GA: Any large system has a lot more of these than you think. Hospitals are significant, they’re a very large part of the economy, the health-care systems, the university systems, they’re always around. If you also throw in utilities, which also can’t move, museums and city government, those are also anchor institutions, you’d be surprised. And you have a multiplier—one dollar spent leads to another dollar spent and so forth—and if you can expand the multiplier, you’d be surprised by how much stability you could build in to most cities.
n+1: What is it that allowed this to happen in Cleveland? Is this possible in cities undergoing rapid gentrification?
GA: In highly gentrified cities this is not going to happen. There the question is whether or not gentrification will continue. There’s some fragmentary new data that’s suggesting that it’s slowing down—if not reversing—but in cities where the gentry is moving in, young people, people without families, you just don’t have the political economic preconditions to attempt something like this. Nor is it is going to solve the problem of affordable housing in gentrifying areas.
Though the economics of the model make sense anywhere, the politics are, at this stage, only possible in places like Cleveland. The question is whether or not politics can build these new ideas into larger systems down the road. At this stage, we’re introducing elements, not solutions. And in many cities you can begin to see a whole set of ideas shift. It’s been extraordinary. Two or three years ago, the word “worker-owned co-op” was regarded as ridiculous.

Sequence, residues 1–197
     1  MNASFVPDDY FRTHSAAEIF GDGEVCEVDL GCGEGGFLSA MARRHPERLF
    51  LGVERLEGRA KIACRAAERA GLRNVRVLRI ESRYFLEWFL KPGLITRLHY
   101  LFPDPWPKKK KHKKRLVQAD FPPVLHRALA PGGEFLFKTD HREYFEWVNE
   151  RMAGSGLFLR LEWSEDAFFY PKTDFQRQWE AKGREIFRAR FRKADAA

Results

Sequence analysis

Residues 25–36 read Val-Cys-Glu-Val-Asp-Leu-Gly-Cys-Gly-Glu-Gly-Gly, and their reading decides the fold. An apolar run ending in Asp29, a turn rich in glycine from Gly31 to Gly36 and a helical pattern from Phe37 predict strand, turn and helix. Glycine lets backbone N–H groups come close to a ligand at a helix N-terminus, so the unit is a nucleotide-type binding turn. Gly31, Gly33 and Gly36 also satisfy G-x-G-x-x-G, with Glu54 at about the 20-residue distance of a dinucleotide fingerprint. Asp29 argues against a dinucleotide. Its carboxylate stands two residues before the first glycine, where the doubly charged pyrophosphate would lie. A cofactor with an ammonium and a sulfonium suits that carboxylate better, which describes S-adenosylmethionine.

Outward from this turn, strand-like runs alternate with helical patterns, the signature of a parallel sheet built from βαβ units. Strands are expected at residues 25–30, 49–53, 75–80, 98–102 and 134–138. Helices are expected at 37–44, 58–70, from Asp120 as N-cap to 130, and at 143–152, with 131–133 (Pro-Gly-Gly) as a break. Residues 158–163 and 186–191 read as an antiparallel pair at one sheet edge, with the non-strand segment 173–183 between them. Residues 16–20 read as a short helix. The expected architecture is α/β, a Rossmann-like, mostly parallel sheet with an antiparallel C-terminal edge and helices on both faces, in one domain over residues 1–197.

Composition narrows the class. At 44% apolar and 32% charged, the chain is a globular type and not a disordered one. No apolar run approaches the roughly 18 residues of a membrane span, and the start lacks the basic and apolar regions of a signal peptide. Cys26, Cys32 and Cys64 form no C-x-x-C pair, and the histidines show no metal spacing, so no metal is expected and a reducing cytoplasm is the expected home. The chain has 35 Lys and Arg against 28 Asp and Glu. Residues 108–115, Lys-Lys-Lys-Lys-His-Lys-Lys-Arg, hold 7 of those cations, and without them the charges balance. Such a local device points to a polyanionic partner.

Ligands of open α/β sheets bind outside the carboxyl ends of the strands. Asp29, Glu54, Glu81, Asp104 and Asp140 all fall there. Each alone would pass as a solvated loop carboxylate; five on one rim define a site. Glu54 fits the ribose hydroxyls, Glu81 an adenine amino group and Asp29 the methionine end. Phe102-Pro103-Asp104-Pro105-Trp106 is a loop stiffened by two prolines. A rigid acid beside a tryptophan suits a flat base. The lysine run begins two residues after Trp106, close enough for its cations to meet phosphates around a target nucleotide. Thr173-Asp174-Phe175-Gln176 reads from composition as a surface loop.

n+1: It’s heartening.
GA: It’s heartening, but there are no other options left. We must democratize. The pain will just continue. Period. It just gets worse, and worse, and worse and worse. And if democratization of wealth is a possibility, it’s going to start small. So that’s how you get your co-ops.
That’s a premise I’ve been working with for many years. It’s interesting to see it pop, and I think it’s over-popped, because now people think worker ownership in a worker-owned co-op is the answer. It’s not an answer. It’s an element of an answer. Worker-guild socialism develops competitive worker-owned companies in a culture of competition, not a culture of cooperation or socialism. And it is appropriate in some cases. But that’s not what the Cleveland Model’s about—certainly not at this stage.
n+1: Is there a role for traditional political or labor conflict at this stage?
GA: You know, that model—labor against corporations to get unions—is a dead-end model now. Liberal strategy has always largely depended for serious policy change on the political strength of organized labor, and labor unions have dwindled from 35.4 percent of the labor force organized to 11.3 percent now, with only 6.7 percent in the private sector. I think we need to try to hold the line as best we can. I’m not against labor unions in that respect; indeed, I am a strong supporter. But their power is decaying right before your eyes. If the name of the game is systemic change, then the introduction of a different thematic and different structural principles is critical at this stage.
The horror story in the back of my mind is always Russia in the late nineteenth century. The Narodniks were looking at a vaguely similar problem when the Russian peasants exploded. Enormous conflict. But they didn’t know where they were going in any serious and widely understood programmatic sense. And then they got killed. We may see explosions and not know what to do. There’s already a lot of conflict, but it has no other goal other than “Stop the pain” or “Give us a break.” It doesn’t have a direction. So how do we generate that direction both in ideology and also in learning enough on the ground so we actually know something? So we ultimately can propose and demand something real!